The stupid man

The StupidMan in advertising is something not particularly talked about, even though we talk about stupidity elsewhere in entertainment-land (America’s Next Top Model, Beverly Hills Chihuahua). I remember being first subjected to witnessing such adverts and thinking to myself, well isn’t it nice that the men are being needled a bit here in the mainstream. Men have dominated society for so long, maybe these adverts are progressive. This was a long time ago, and now-days I don’t think it’s quite as progressive. Like most everything I see in our culture, it strikes me as dangerous in many ways.

Issue 1: What counts as stupid becomes unachievable for actual people. Most people do not act like the hyperbolic characters seen in these advertisements. Everyone sees StupidMan-in-Advertisement and says to him/herself: “wow, that guy is dumb.” The second step is self-reflection: “I am like him. I too am a male. But though I might resemble some of his traits, they clearly are beyond my stupidity level.” In many ways, this is a cathartic experience. The viewer is rewarded by experiencing the caricature. The third step: what counts as “absurd” or “stupid” or “ignorant” gets pushed further out the more ridiculous the portrayal. We no longer recognize what is stupid. This process leads to an uncritical appraisal of the myriad of ways in which your average man (person) is in fact an idiot. What’s more, such a man can survive in our society because there are businesses (and women) out there who are ready to make his life better. Can’t crack an egg [metaphorically speaking] — that’s ok! We can sell you something that gets you past this “hurdle,” makes your ignorant life possible, and never requires that you confront your own stupidity!

Issue 2: StupidMan needs rescuing by SmartWoman. A mental twist of this scenario might result in the idea that this scenario represents something progressive. But more often than not, StupidMan is portrayed as stupid in an area of life traditionally associated with the feminine. StupidMan needs SmartWoman to figure out how to crack an egg or run the laundry. Or, even if SmartWoman is absent from the commercial, as in some amusing commercials by a burger chain which features a man attempting to crack an egg and failing and thus giving up and getting a hamburger, the inability of SmartMan to be functional in this domain is a clear reference to the gender dynamics of the domain and serves to reinforce them.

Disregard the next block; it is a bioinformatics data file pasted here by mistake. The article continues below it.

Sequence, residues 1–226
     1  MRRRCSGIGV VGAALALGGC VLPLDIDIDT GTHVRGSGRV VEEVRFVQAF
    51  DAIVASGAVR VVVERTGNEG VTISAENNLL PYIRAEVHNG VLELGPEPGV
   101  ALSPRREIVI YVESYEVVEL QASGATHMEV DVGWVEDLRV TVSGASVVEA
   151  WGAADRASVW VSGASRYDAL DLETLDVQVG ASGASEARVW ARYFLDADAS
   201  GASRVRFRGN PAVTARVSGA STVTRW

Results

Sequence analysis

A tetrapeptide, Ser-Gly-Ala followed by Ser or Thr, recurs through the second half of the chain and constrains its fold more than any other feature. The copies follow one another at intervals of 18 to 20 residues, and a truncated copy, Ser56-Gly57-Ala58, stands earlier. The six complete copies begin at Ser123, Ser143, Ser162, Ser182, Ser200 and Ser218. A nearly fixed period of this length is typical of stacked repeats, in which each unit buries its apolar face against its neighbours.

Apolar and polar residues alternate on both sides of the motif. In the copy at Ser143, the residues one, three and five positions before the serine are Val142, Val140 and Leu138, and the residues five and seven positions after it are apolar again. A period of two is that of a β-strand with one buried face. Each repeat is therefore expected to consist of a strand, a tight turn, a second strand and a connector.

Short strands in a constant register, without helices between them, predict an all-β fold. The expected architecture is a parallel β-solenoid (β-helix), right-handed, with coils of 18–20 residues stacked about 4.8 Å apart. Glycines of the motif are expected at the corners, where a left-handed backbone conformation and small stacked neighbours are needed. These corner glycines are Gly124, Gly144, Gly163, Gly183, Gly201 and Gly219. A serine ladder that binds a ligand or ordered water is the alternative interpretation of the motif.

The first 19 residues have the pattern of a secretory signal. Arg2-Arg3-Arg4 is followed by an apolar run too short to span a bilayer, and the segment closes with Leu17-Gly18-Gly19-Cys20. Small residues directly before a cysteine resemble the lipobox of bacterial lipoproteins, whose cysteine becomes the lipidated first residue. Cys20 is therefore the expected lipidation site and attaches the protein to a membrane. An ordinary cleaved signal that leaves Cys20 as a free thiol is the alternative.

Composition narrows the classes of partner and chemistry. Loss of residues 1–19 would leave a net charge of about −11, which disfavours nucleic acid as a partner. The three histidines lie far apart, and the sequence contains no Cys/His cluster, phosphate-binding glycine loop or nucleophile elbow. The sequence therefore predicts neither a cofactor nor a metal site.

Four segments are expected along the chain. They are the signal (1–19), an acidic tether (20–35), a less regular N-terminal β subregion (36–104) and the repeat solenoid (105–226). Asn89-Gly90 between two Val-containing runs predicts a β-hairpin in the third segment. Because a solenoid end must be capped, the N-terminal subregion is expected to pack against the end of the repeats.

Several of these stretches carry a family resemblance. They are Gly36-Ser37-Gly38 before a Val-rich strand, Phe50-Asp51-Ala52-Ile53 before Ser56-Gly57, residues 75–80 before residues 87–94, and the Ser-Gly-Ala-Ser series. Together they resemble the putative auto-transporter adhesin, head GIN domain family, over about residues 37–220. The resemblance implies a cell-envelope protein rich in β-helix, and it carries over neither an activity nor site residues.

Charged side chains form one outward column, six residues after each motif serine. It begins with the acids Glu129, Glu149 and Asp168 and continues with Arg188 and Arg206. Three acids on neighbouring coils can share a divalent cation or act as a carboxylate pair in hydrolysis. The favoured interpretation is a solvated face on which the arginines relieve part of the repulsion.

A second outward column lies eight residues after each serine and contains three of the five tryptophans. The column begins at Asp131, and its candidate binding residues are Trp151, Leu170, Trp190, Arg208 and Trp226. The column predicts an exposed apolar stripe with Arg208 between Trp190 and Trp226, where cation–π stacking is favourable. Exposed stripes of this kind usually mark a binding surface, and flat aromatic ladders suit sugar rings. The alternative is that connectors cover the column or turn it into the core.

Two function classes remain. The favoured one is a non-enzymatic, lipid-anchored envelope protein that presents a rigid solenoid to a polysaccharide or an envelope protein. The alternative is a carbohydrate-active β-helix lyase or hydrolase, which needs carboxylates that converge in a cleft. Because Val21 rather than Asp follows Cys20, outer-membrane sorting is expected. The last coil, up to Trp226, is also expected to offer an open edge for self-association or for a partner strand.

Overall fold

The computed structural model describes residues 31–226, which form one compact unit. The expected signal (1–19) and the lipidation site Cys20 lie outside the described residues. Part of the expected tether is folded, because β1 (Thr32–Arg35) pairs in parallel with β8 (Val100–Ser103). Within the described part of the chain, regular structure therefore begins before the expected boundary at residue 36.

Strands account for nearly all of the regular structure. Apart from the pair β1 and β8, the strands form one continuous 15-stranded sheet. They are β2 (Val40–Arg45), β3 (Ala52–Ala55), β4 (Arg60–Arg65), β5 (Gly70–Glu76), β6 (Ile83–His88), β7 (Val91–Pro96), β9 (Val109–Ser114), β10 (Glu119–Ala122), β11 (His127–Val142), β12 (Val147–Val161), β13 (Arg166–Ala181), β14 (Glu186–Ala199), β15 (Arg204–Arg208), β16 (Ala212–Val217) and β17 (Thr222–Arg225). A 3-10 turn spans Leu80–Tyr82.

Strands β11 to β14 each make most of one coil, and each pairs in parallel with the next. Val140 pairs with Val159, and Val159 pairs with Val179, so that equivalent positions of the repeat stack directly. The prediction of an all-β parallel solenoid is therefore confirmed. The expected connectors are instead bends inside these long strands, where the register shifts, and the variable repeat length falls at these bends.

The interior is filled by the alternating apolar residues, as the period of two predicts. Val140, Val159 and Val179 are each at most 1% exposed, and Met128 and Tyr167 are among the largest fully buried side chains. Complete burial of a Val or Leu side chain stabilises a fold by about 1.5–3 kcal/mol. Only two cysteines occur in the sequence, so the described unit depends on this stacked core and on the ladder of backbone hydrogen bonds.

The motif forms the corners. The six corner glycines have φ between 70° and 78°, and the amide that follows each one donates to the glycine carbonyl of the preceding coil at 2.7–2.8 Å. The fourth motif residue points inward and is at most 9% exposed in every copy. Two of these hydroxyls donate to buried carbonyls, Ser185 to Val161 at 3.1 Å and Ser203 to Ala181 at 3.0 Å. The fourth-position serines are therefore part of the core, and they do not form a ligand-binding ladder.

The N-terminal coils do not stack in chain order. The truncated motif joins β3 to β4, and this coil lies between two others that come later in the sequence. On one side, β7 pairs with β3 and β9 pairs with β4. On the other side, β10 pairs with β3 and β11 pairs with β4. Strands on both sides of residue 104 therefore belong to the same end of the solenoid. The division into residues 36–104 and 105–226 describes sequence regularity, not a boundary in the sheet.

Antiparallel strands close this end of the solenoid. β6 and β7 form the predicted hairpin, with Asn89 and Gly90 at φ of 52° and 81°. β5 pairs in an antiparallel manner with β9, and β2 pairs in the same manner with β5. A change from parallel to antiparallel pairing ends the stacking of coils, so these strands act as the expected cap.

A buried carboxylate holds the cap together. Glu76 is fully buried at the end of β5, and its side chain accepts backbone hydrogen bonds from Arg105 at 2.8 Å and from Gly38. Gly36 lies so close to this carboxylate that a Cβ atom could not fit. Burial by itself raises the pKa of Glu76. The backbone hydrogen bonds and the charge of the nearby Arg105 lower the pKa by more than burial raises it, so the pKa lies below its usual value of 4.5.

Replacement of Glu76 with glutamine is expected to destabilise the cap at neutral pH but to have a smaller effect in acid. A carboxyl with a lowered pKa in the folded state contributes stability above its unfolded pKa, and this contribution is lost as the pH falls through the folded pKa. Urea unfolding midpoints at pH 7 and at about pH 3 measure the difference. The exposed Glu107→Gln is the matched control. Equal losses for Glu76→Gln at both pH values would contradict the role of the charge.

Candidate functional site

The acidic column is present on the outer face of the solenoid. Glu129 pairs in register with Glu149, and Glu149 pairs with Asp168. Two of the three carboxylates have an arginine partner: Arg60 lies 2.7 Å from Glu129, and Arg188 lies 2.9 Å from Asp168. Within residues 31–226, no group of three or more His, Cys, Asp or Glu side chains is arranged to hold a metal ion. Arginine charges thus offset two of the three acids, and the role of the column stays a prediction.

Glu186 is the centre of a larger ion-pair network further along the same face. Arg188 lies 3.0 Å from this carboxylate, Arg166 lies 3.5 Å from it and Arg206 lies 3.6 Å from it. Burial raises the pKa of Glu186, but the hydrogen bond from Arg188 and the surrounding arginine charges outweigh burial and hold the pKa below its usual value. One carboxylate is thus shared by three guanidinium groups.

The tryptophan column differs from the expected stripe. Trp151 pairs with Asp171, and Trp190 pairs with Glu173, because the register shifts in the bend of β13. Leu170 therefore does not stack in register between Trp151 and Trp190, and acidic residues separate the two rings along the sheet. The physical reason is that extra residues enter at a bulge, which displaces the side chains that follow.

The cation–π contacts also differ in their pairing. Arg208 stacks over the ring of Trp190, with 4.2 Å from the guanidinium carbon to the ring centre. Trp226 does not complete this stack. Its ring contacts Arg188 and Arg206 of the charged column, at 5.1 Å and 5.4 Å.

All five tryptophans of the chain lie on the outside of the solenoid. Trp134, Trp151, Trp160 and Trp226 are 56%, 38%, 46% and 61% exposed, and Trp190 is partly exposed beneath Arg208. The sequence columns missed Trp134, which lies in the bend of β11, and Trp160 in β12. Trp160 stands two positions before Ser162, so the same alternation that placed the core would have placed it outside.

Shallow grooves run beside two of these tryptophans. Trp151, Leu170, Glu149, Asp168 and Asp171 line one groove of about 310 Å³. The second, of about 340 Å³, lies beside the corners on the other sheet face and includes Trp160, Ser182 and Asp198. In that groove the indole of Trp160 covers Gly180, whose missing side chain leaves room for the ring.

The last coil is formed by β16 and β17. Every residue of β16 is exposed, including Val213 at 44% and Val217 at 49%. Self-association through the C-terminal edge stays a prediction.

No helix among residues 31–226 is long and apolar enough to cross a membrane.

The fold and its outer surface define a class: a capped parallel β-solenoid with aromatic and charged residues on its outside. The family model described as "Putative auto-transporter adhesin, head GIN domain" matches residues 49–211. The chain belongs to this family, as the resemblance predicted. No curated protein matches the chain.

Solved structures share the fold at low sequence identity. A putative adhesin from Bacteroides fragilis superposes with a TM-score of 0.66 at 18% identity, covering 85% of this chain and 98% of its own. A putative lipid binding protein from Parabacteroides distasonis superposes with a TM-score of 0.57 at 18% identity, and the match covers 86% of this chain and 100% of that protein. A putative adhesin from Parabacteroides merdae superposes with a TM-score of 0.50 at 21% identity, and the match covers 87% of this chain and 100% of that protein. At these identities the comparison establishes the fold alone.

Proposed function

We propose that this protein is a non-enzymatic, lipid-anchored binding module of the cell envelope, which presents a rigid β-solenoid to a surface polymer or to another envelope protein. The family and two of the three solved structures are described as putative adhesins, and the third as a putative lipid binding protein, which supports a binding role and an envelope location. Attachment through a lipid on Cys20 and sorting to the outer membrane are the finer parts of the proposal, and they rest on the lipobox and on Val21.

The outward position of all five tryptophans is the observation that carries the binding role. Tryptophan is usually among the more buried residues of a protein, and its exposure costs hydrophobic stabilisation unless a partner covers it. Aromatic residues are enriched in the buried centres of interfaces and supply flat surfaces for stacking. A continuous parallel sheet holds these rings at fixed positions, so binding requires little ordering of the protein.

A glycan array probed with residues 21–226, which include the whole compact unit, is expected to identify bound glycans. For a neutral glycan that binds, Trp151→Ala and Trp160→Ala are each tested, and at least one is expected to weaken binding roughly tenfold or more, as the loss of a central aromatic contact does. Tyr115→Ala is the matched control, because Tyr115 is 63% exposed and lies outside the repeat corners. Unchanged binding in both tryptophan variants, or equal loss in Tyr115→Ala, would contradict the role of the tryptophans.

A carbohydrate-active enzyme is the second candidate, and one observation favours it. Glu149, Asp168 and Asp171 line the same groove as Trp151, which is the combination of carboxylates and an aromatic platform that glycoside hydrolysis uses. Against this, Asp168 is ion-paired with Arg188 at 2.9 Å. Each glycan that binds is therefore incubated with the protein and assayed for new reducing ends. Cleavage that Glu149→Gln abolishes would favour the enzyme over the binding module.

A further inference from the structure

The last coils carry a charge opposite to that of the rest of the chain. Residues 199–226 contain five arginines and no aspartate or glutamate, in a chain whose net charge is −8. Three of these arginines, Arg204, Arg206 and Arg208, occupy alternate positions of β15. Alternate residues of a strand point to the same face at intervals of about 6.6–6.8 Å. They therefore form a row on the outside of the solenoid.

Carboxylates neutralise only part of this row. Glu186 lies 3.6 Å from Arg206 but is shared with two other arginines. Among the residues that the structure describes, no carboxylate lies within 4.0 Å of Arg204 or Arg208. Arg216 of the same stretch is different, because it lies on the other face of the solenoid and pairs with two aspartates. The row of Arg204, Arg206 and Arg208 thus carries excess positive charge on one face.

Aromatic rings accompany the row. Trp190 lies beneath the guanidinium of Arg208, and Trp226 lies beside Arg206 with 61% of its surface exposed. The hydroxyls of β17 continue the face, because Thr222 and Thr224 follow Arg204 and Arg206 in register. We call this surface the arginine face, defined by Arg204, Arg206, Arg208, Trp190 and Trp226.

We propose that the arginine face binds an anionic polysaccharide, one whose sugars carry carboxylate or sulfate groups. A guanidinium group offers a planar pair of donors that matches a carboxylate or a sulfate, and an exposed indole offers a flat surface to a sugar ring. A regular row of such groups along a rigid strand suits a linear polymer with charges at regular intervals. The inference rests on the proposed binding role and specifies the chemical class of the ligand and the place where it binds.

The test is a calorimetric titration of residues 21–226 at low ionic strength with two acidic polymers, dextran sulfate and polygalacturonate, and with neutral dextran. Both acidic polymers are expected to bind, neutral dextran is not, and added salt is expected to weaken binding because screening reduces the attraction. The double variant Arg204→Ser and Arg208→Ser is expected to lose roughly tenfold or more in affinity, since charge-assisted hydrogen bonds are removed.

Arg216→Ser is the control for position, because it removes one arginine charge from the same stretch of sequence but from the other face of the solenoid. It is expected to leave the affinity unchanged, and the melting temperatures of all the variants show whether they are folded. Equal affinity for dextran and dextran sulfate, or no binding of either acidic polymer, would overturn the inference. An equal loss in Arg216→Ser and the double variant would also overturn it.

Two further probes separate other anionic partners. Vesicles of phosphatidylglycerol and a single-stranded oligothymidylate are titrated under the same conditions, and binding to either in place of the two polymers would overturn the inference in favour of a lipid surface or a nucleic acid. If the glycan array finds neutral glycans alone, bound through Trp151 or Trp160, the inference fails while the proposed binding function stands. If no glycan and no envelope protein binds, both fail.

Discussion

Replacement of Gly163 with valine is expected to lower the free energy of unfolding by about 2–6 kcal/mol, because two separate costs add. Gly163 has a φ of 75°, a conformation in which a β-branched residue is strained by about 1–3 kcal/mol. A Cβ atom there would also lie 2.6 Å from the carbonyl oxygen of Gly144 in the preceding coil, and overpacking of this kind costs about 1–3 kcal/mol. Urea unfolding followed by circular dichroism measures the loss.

Issue 3: StupidMan is most often white. The issues surrounding this are less clear to me, although white people are in more adverts than non-whites, so that may do most of the explaining in this instance. Racial-ethnic sensitivities, so deeply felt by those who do advertising (casting according to viewer preferences = greater profits), is likely the other part.

Ultimately, this phenomenon seems part of a system that is devoted to making people more dumb, less critically oriented towards their own lifestyles, attitudes, and knowledge, and to reinforce gender roles. The sophistication of this structure is only discernible when one realizes how buried such effects are from the viewer as s/he is in the moment of viewing. While some men may see the burger commercial and think, “wow, that guy needs a woman,” most will likely think “he needs a burger,” and not reflect on the fact that his “need of burger” is predicated on the fact that “he can’t cook” because he is a man.


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